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Published: May 15, 2012
The Prophet of Islam and the Spirit of Tolerance
- By Reza Shah Kazemi
from the book The Spirit of Tolerance in Islam
(London: IB Tauris/IIS, 2012, pp.111-125)
Prophet Muhammad receiving the first revelation of the Holy Quran from Angel Gabriel at Mount Hira in Mecca
The Prophetic Paradigm: Compassionate Forbearance
To speak about the intellectual search for knowledge, therefore, is also, and inescapably, to speak about the pursuit of virtue, and it is here that the paradigm of prophetic perfection is of the utmost importance: ‘I was raised up as a Prophet to perfect the most noble traits of character (makārim al-akhlāq)’, the Prophet said, in an allusion to the principle that understanding the message of divine oneness—the conveyance of which was the chief reason for his being ‘raised up’ as a prophet—both requires and produces nobility of character. In other words, there can be no authentic assimilation of the mysteries of divine revelation, the meaning of prophetic guidance, or the depths of authentic knowledge, without the full participation of the whole personality, or rather, the personality made whole through perfect nobility of soul, or magnanimity.
Such magnanimity is defined according to the prophetic model of perfection, and the Prophet’s soul is described precisely in terms of qualities, at once human and divine, of kindness and loving mercy. In the following verse, he is referred to as raʾūf (kind) and raḥīm (merciful), both of which are also names of God, al-Raʾūf, al-Raḥīm: ‘There has indeed come unto you a Prophet from amongst you; whatever harms you is grievous to him; he is ever-caring in your regard; unto the believers, kind (raʾūf) and merciful (raḥīm)’ (9:128). The importance of this gentle predisposition of the prophetic character for the very success of the Islamic religion can hardly be over-estimated. The Qurʾān itself bears testimony to its key role in attracting people to the religion. Had the Prophet been intolerant and hard-hearted, people would have been repelled both from him and from the religion he was representing and conveying: ‘It was a mercy from God that you are gently disposed to them (linta lahum); had you been fierce and hard-hearted, they would have fled from you’ (3:159).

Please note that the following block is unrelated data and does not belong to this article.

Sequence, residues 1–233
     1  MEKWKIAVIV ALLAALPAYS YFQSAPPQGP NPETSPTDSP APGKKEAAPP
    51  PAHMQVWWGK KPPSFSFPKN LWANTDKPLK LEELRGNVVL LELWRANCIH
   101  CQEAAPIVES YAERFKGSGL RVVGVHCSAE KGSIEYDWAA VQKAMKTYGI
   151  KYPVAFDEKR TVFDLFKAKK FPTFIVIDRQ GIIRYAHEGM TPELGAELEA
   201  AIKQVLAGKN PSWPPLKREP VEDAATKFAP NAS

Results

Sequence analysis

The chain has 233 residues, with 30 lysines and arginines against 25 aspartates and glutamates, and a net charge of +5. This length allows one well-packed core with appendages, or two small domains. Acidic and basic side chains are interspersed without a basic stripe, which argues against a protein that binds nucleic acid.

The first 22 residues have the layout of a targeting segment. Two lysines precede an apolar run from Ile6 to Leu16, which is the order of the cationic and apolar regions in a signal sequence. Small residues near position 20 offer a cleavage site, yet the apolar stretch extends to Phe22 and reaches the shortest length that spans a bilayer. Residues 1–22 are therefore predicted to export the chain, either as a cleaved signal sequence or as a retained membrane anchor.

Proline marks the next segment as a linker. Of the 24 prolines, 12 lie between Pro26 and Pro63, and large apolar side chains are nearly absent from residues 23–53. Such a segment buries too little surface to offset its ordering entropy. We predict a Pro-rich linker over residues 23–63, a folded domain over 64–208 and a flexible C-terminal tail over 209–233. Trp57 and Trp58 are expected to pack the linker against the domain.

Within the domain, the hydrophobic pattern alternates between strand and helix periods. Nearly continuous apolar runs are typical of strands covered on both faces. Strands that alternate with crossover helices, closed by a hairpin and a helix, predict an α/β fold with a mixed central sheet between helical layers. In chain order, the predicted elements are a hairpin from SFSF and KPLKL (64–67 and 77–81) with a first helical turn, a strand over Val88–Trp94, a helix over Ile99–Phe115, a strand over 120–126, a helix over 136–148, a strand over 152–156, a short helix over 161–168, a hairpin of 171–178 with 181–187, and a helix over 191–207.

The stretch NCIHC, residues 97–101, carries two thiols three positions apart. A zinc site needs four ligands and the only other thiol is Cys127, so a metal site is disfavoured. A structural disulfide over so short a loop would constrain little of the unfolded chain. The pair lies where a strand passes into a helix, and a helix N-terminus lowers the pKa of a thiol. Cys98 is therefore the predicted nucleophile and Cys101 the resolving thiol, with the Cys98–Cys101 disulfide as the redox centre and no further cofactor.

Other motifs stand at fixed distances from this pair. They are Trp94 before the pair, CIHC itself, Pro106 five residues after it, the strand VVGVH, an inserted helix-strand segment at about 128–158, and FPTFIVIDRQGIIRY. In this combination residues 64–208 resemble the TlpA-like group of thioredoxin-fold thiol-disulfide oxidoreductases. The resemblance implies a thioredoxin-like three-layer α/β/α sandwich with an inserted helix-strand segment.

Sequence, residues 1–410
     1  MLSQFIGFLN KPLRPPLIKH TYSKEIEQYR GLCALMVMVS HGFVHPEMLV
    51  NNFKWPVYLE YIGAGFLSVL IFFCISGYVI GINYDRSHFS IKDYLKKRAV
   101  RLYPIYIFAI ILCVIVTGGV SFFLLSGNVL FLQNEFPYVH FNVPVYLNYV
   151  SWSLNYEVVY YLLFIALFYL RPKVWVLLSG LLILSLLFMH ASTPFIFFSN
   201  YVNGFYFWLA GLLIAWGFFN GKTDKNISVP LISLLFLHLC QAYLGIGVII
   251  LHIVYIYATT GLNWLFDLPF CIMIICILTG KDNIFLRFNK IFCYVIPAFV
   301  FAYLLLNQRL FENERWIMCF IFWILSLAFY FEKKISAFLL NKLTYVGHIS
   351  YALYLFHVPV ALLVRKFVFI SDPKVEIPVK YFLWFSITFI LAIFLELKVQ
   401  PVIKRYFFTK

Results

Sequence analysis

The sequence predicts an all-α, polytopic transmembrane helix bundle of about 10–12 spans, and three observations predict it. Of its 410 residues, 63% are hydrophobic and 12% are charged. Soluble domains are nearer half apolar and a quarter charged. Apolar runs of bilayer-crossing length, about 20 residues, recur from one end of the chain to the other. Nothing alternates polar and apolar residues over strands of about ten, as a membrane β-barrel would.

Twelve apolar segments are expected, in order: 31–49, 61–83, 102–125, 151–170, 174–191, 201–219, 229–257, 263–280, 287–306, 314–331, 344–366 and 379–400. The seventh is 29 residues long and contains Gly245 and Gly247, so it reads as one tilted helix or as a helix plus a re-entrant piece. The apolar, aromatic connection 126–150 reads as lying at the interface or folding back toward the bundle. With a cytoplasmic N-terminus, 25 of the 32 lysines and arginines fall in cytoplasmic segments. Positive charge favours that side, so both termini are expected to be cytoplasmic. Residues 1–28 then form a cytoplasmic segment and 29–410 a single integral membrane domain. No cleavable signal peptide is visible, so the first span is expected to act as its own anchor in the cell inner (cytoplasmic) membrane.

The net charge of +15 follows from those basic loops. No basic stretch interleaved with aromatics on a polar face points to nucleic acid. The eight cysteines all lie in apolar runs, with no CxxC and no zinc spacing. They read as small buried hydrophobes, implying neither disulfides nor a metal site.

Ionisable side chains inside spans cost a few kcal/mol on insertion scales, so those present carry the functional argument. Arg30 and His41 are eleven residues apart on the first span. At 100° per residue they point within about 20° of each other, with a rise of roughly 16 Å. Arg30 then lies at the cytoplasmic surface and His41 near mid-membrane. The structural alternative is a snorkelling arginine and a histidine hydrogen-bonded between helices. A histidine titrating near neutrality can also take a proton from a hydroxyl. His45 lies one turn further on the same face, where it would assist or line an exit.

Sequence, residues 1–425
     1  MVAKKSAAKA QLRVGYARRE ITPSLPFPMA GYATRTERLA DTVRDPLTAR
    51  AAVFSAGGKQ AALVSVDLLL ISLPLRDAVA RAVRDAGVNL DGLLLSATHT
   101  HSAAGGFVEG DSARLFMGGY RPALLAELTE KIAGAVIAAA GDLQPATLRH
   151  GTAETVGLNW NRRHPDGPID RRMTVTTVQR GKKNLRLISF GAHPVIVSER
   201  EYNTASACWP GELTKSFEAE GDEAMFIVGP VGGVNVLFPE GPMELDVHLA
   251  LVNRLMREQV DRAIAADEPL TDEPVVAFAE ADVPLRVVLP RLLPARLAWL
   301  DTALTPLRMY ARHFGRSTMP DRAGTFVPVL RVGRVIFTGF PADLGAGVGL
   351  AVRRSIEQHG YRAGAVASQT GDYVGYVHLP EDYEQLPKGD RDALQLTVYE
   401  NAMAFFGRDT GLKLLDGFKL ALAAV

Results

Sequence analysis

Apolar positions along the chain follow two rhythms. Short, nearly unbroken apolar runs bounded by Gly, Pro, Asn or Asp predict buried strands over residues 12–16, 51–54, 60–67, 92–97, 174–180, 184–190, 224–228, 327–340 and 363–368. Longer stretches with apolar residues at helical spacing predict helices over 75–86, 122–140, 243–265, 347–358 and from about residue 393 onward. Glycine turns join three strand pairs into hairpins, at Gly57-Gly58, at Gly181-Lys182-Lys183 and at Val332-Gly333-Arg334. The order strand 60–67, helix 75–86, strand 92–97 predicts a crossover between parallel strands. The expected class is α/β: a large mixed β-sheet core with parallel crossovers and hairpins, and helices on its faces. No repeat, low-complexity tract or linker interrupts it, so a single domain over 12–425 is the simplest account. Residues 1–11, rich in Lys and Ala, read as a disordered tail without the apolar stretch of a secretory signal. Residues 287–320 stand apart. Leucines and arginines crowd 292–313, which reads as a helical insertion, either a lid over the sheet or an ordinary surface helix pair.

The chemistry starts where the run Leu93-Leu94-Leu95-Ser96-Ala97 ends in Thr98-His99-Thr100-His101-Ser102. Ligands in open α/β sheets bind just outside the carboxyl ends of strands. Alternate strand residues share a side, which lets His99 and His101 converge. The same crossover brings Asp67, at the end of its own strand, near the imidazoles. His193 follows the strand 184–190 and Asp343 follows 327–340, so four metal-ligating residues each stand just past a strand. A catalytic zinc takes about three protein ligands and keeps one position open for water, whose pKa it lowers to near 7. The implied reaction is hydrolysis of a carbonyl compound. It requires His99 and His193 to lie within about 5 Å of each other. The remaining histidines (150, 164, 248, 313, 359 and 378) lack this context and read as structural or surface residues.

The Prophet is told in the Qurʾān to say to people: ‘If you love God, follow me; God will love you’ (3:31). In the light of the preceding points it should be clear that ‘following the Prophet’ does not simply mean obeying the law he conveys; it means, in addition and more fundamentally, that one must make an effort to emulate his ‘beautiful example’ (uswa ḥasana): ‘Indeed there is for you in the Messenger of God a beautiful example’ (33:21). The prophetic character is also described as ‘tremendous’ (ʿaẓīm): ‘And indeed your character is of a tremendous nature’ (68:4). If we ask which are the actual virtues to be emulated in this ‘beautiful example’, what is the concrete, identifiable and thus imitable content of this ‘tremendous character’, the answer we are given in the Qurʾān is remarkable: for the Prophet’s character is described, almost invariably, in terms of gentleness and kindness, concern and compassion; and it is these qualities which must be emulated by all Muslims who wish to ‘follow the Prophet’, and thus become lovable to God. In other words, the cardinal prophetic virtues to be emulated are those gentle and forbearing ones comprised within the quality of ḥilm. The Prophet went so far in his exhortation to emulate his own quality of ḥilm as to say: ‘The ḥalīm is almost a prophet (kāda’l-ḥalīm an yakūna nabiyyan)’. He himself is described in the traditional sources as aḥlam al-nās: ‘the most forbearing of people’—the one with the greatest plenitude of ḥilm.
Scholars of Islam have routinely been struck by this aspect of the Prophet’s character. For example, in his renowned work Muḥammad at Medina Montgomery Watt draws a touching portrait of the Prophet as a gentle, loving, and compassionate person, stressing his love for children, his gentleness with all, especially women, and even manifesting an extraordinary concern for the welfare of animals: ‘His kindness extended even to animals, and this is something remarkable for Muḥammad’s century and his part of the world. As his men marched towards Mecca just before the conquest they passed a bitch with puppies, and Muḥammad not merely gave orders that they were not to be disturbed, but posted a man to see that the orders were carried out.’ It is not surprising that he states: ‘Of all the world’s great men none has been so much maligned as Muḥammad’.
The above is not to be seen simply as a quaint anecdote. The Prophet’s attitude to animals manifested the scope of his compassionate concern for all God’s creatures, and was nothing short of revolutionary for his times. The Arabs were accustomed to torturing their animals; such practices, together with organised fights between animals, were abolished, as was the customary overloading of beasts of burden. The Prophet is reported to have said in this connection: ‘If you behold three mounting an animal, stone them until one of them descends.’ Similarly, he forbade hunting for sport, going so far as to warn that a sparrow that was hunted for sport and not eaten will complain about its killer on the Day of Judgement. He is reported as also saying: ‘No one will kill a sparrow or anything larger, without just cause, without God asking him about it on the Day of Judgement.’ When asked what was a just cause, he replied: ‘That you slaughter it and eat it.’